In recent years, the exposure of pill-peddling pharmaceutical companies and the dangers- such as the various toxins and the risk of dependence- that their manufactured drugs pose on the body has turned more and more people of the western world back to basics for their health care. Richard L. Nahin from the National Institutes of Health's National Center for Complementary and Alternative Medicine states that according to the institute’s latest research, "It's clear that millions of Americans every year are turning to complementary and alternative medicine."
With greener cures for themselves on the mind, many pet owners and farmers have been considering the benefits of alternative medicines on animals- two of the most popular forms being herbal medicine and acupuncture.
From working animals to house pets, all animals can benefit from using herbal remedies- notably equines such as horse and ponies. It is nature’s way of healing, evident by the fact that animals have been instinctively ingesting plants to their benefit long before man domesticated them. Herbal treatment is the oldest form of healing. Modern medical science and world history confirm that herbs are a valid and healthy way both prevent and cure disease and infection while improving the overall vitality of animals. Most all modern drugs have been developed from medicinal herbs that have been in the earliest societies’ medical practices. In fact, it wasn’t until the late nineteenth century that veterinary medicine began to use today’s common pharmaceuticals.
Traditional herbal medicine comes from many different areas of the world (Indian, Chinese, African, Western, Native American herbs, Ayurvedic and other indigenous medicines) and in most all of them they are still being used to a great extent despite pharmaceutical companies’ attempts to shame the practice as “outdated”.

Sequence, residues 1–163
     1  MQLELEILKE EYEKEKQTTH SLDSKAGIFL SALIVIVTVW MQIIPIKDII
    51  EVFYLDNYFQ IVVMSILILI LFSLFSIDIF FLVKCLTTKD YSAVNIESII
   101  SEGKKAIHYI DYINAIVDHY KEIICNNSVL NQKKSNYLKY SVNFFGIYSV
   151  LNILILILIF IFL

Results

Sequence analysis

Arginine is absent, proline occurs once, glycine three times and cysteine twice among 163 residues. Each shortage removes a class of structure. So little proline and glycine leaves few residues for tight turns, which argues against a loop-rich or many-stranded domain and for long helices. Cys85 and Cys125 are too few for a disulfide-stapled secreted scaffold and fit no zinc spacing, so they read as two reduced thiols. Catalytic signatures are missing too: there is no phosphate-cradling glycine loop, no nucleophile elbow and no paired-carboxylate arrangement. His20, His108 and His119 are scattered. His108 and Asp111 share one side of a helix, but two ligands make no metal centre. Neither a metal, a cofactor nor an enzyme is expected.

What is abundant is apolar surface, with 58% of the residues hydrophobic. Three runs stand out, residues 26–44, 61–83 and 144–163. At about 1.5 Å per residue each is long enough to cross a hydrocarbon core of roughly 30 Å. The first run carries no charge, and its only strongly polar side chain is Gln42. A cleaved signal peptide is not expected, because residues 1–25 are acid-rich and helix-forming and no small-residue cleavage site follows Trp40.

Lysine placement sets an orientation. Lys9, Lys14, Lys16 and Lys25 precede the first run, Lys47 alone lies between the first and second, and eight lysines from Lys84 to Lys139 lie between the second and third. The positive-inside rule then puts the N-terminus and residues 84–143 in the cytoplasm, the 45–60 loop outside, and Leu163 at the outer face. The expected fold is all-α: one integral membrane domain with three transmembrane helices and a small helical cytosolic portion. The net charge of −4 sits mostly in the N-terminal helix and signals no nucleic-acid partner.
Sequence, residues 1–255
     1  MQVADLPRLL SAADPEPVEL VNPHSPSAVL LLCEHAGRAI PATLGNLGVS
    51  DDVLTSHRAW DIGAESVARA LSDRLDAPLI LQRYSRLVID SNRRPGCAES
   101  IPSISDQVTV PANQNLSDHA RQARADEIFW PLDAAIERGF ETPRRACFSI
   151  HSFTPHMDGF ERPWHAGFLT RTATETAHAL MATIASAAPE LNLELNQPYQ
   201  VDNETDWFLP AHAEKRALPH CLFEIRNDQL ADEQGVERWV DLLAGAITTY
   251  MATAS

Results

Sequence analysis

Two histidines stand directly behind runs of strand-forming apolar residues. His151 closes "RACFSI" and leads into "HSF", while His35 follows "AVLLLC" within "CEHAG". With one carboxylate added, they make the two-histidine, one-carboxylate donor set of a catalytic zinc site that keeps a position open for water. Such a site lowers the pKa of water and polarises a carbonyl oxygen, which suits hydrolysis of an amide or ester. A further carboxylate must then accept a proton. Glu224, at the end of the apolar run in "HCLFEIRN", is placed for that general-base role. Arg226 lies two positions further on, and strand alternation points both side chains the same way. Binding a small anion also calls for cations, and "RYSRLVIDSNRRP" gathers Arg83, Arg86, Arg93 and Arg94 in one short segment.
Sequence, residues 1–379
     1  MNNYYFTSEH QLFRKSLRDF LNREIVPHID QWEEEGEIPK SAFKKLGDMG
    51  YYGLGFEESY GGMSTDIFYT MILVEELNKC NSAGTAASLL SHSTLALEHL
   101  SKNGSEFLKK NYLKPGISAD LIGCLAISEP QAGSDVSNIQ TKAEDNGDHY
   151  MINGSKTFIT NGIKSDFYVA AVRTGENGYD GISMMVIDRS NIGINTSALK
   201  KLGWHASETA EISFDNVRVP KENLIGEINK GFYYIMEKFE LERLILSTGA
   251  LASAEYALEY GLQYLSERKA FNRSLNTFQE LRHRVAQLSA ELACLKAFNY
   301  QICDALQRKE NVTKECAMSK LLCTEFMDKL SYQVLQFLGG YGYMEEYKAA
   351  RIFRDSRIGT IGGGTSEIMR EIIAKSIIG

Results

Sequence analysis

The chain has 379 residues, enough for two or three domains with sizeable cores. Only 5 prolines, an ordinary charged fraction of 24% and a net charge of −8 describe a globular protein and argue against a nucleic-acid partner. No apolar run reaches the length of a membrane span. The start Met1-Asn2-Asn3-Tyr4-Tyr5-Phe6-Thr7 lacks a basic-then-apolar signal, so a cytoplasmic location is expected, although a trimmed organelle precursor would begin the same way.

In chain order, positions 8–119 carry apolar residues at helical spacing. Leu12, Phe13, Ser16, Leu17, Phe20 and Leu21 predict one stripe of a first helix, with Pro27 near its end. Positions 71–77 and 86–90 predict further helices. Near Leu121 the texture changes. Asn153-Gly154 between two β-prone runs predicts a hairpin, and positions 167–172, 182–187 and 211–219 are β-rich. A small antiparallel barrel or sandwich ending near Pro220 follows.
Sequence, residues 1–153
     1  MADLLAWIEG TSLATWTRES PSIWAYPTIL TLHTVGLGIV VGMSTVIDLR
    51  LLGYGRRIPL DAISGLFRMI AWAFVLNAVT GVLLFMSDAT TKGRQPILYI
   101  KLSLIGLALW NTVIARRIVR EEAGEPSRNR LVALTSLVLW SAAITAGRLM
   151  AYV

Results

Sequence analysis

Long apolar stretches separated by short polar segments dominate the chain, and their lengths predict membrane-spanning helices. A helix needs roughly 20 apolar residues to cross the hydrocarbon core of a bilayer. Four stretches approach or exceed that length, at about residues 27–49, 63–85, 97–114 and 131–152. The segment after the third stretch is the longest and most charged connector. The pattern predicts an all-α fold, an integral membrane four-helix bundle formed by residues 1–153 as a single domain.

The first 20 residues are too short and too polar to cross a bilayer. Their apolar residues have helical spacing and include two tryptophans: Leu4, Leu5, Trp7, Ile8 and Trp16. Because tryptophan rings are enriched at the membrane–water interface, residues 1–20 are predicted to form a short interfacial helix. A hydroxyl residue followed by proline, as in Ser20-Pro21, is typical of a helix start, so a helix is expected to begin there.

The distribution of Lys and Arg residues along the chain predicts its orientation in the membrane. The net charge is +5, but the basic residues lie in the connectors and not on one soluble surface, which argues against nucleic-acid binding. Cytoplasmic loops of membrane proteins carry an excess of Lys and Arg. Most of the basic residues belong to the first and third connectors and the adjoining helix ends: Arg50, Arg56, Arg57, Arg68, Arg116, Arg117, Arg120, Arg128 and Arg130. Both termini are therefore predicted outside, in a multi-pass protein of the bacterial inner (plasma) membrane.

Even the pharmaceutical companies’ scientists understand the healing properties inside the plants that traditionalists have used for centuries, that’s why they attempt to extract or reproduce those pharmacologically-active ingredients for their medications- what is known as pharmacognosy. Some modern herbal medical practices are also using pharmacognosy to develop their medications, despite many herbalists strong advice to use the plants as a whole. Herbal veterinarian Chris Day claims that, “A natural combination of ingredients of the whole plant tend to act in synergy and to balance each other in nature.”
Organizations for natural health care of animals support the idea that for minor issues, a visit to the vet is needlessly expensive. Treatments as simple as teas composed of a mixture of various herbs being applied to the affected area or ingested can cure common ailments such as colds, chewing problems, irritability, bad behavior, hyperactivity, periodontal disease, ear and skin disorders, diarrhea, paw tenderness, fur loss, body aches and wounds from fights with other animals.
Herbs can also be used to...